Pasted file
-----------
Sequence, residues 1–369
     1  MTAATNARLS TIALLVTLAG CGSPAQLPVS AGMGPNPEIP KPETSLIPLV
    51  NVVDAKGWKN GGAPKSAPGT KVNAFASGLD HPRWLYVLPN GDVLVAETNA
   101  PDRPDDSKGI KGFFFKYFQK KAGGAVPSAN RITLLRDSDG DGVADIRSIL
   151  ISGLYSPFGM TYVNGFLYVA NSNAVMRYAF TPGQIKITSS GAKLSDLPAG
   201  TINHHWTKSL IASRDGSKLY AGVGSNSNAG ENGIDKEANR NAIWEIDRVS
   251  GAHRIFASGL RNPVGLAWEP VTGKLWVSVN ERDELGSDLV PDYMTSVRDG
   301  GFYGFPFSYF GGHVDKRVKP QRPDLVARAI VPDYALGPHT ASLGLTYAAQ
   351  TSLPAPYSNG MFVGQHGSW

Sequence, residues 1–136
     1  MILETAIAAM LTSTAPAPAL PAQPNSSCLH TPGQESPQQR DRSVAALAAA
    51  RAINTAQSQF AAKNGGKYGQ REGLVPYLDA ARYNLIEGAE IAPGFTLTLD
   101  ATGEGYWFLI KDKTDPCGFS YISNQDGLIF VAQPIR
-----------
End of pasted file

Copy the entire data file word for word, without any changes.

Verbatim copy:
Sequence, residues 1–369
     1  MTAATNARLS TIALLVTLAG CGSPAQLPVS AGMGPNPEIP KPETSLIPLV
    51  NVVDAKGWKN GGAPKSAPGT KVNAFASGLD HPRWLYVLPN GDVLVAETNA
   101  PDRPDDSKGI KGFFFKYFQK KAGGAVPSAN RITLLRDSDG DGVADIRSIL
   151  ISGLYSPFGM TYVNGFLYVA NSNAVMRYAF TPGQIKITSS GAKLSDLPAG
   201  TINHHWTKSL IASRDGSKLY AGVGSNSNAG ENGIDKEANR NAIWEIDRVS
   251  GAHRIFASGL RNPVGLAWEP VTGKLWVSVN ERDELGSDLV PDYMTSVRDG
   301  GFYGFPFSYF GGHVDKRVKP QRPDLVARAI VPDYALGPHT ASLGLTYAAQ
   351  TSLPAPYSNG MFVGQHGSW

Sequence, residues 1–136
     1  MILETAIAAM LTSTAPAPAL PAQPNSSCLH TPGQESPQQR DRSVAALAAA
    51  RAINTAQSQF AAKNGGKYGQ REGLVPYLDA ARYNLIEGAE IAPGFTLTLD
   101  ATGEGYWFLI KDKTDPCGFS YISNQDGLIF VAQPIR